Microsoft Stock Tumbles on Lower Earnings Guidance

Shares of Microsoft Corp. tumbled 11 percent Friday, after the world's largest software maker reported third-quarter profit that missed Wall Street expectations and lowered its earnings guidance.

The tempered forecast which comes as Microsoft boosts research and development spending left some analysts grappling with whether that decision will translate to higher profit.

"If they want to continue to grow at an above-average rate, absolutely, they've got to make these investments," Robert Toomey, an analyst with E.K. Riley Advisors, said Thursday. "The problem is that it's squeezing short-term earnings, and investors don't like that."

The company's shares fell $2.90, or 11 percent, to $24.35 in early trading on the Nasdaq Stock Market, where it has traded in a 52-week range of $24.25 to $28.38 .

Microsoft said Thursday it earned $2.98 billion, or 29 cents per share for the three months ended March 31, compared with $2.56 billion, or 23 cents per share, in the same period a year earlier.

The most recent results included a charge of 3 cents per share for legal expenses. However, the company said that, without rounding, it actually earned 28.6 cents per share and took a charge of 2.6 cents per share. That means it would have earned 31 cents per share.

Revenue for the three-month period was $10.9 billion, a 13 percent increase over sales of $9.62 billion a year earlier.

Analysts polled by Thomson Financial were expecting earnings of 33 cents per share, on revenue of $11.04 billion.

For the current fourth quarter ending June 30, Microsoft said it expects to earn 30 cents per share, below the 34 cents per share that analysts had been predicting.

The company also said it expects to see revenue of between $11.5 billion and $11.7 billion for its fiscal fourth quarter. Analysts, on average, have been predicting revenue of $11.64 billion for that quarter.

For the fiscal year ending in June 2007, Microsoft said it expects to earn between $1.36 per share and $1.41 per share on revenue of $49.5 billion to $50.5 billion.

Some analysts were expecting earnings to be much higher during that period.

In an interview with The Associated Press, Chief Financial Officer Chris Liddell said the third quarter earnings and outlook are below Wall Street's estimates in part because the company has decided to increase research and development spending in areas where it isn't a market leader but sees potential.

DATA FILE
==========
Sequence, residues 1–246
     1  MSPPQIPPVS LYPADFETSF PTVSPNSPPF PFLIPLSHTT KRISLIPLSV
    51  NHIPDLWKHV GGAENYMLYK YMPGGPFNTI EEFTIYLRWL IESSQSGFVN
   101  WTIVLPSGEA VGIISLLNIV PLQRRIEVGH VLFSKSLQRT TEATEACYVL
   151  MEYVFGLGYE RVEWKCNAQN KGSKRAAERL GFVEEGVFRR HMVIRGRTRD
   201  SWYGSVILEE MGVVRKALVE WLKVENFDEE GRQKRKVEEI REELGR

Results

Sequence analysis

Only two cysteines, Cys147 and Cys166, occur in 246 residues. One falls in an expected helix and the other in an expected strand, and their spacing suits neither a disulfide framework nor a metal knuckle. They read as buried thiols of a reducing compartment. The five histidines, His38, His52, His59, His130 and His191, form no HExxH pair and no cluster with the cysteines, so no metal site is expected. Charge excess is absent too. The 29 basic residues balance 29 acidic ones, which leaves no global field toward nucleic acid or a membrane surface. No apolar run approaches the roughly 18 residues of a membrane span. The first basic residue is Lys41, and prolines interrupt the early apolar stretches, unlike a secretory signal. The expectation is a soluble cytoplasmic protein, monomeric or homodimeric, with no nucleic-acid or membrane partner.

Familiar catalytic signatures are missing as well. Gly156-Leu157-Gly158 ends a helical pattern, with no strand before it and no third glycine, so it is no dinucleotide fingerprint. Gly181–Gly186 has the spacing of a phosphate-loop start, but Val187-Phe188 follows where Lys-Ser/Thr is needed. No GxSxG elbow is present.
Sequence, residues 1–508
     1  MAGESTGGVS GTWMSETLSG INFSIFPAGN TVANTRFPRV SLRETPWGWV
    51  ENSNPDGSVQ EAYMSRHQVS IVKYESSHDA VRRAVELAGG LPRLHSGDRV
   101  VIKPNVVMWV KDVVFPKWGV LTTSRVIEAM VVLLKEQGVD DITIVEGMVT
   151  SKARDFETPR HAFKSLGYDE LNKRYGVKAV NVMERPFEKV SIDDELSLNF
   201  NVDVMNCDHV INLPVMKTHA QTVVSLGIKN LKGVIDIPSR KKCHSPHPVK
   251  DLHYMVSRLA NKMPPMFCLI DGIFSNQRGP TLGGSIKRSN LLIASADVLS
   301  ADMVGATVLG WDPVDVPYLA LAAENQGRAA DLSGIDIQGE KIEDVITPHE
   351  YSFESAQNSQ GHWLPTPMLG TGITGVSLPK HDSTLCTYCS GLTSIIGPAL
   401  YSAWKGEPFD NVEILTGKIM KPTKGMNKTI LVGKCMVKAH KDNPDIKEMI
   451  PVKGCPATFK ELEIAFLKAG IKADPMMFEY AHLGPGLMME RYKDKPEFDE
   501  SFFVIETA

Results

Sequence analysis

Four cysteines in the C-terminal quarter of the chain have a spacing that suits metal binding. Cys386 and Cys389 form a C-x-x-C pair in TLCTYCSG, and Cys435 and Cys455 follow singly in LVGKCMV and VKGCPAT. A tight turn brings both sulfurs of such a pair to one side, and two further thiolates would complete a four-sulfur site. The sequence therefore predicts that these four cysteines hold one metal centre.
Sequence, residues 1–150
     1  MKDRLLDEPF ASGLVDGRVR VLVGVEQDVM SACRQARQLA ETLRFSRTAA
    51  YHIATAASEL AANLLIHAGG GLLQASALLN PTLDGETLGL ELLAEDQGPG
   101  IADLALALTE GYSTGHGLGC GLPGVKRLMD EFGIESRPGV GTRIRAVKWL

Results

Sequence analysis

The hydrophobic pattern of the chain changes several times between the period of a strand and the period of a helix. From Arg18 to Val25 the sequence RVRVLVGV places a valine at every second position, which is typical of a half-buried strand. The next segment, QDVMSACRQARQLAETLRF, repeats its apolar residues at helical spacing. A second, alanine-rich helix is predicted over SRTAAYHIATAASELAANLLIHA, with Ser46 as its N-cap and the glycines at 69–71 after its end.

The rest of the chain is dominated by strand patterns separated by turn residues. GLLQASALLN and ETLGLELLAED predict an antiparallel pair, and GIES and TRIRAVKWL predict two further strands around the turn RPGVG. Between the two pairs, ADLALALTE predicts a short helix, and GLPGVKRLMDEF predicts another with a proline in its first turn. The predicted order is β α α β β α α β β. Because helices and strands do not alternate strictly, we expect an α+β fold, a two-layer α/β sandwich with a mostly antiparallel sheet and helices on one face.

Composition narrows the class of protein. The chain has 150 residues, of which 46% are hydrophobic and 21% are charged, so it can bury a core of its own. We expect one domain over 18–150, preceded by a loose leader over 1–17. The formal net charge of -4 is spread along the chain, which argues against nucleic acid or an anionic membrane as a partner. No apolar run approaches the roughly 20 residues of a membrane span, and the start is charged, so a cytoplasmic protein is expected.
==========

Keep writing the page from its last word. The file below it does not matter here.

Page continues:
These include things like security, high-performance computing and voice over Internet Protocol, VoIP, or Internet calling.

Microsoft also is hoping to make more progress in delivering and offering software as a Web-based service. That's an area where companies ranging from Google Inc. to Inc. are making significant headway.

In the current quarter and beyond, Microsoft also plans to invest more heavily in its Internet properties, MSN and Windows Live, Liddell said. And it is also gearing up for a major marketing expenditures associated with the launch of new versions of Windows and Office, which will be available to consumers in early January.

Microsoft has long sought to push into markets as varied as video game consoles and small business accounting software because the market for its flagship Windows operating system and Office software suite is growing saturated in many areas.

But such a push also puts Microsoft head-to-head with fierce adversaries.

"It's not going to be a wide open field like PC operating systems were 10 and 15 years ago," Toomey said. "It's a different playing field, and so they do have more competition and that creates increased risk, absolutely."

In the third quarter, Liddell said Microsoft also had higher-than-expected expenses for Xbox 360, because of the cost of rushing to get consoles into consumers' hands amid a shortage. Microsoft loses money each time it sells an Xbox 360, although the eventual goal is to break even.

Liddell said third quarter revenues were below expectations because of lower-than-expected sales of games for the first Xbox game console.

For the nine months ended March 31, Microsoft earned $9.78 billion or 92 cents per share, on revenue of $32.48 billion. That compares with earnings of $8.56 billion or 78 cents per share, on revenue of $29.63 billion, in the same period last year.


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